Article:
How the Imperfections in Google’s Logo Are What Make It Perfect
Or, why the G isn't a perfect circle
Drugi jezik na kojem je dostupan ovaj članak: Bosnian
Designers already know all this, but a recent question posed on Reddit about the dimensions of Google’s “G” logo—and why it’s not a perfect circle—led to a crash course in a few fundamentals of graphic design, writes US magezine Adweek.
It started when a Reddit user name maxt0r posted images of what Google calls its “Google G”, which showed that the G isn’t a perfect circle—and seemed to imply this was a mistake on Google’s part.
After the post was reposted in another subforum dedicated to design, the designers there scoffed at the idea that Google had messed this up. (Google takes its design work seriously, as we saw in 2014, when it tweaked its old logo by moving the “g” right one pixel and the “l” down and right one pixel—an absurdly minuscule change that demonstrated Google’s perfectionism, and which, coincidentally, was also brought up by Reddit users at the time.)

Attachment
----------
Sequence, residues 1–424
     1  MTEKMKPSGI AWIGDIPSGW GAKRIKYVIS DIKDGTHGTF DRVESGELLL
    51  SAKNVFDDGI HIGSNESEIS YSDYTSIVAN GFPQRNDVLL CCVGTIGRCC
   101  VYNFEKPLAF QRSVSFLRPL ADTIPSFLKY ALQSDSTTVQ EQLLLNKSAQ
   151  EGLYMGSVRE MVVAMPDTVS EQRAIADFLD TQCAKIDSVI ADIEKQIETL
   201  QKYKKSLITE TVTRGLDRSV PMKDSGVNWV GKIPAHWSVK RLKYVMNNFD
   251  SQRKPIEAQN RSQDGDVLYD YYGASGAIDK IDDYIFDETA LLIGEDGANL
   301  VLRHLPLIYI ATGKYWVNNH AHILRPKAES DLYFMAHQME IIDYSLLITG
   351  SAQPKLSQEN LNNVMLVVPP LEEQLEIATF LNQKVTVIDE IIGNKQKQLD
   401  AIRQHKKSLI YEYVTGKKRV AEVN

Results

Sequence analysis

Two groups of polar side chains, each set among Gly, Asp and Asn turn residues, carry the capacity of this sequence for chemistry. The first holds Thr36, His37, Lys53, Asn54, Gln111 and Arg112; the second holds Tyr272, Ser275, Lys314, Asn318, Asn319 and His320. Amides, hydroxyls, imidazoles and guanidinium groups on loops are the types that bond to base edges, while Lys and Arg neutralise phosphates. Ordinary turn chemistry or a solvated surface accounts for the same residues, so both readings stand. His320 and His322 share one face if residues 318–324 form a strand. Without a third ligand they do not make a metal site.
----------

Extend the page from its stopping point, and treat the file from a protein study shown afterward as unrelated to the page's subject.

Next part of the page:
In hashing out the “Google G” issue, designers on Reddit emphasized a basic truth of design, which is that visuals that are mathematically correct are not always optically correct. The image below, posted by user theloneplant on another r/graphic_design thread, shows the actual “Google G” on the left (which employs some so-called “optical balancing”) and a “Google G” that’s a perfect circle on the right. It’s clear which one looks better.
Before debating the issue on Reddit, Google’s critics could have done a little research. When Google rolled out the “Google G” as part of its larger rebranding in 2015, it directly addressed the issue of why it wasn’t a perfect circle—in this blog post.
The Google G is directly derived from the logotype “G,” but uses increased visual weight to stand up at small sizes and contexts where it needs to share space with other elements. Designed on the same grid as our product iconography, the circular shape was optically refined to prevent a visual “overbite” at the point where the circular form meets the crossbar. The color proportions convey the full spectrum of the logotype and are sequenced to aid eye movement around the letterform.
Again, this is nothing that graphic designers don’t already know. But for the rest of us, it’s a cool little lesson on how imperfections in logos are sometimes what make them perfect.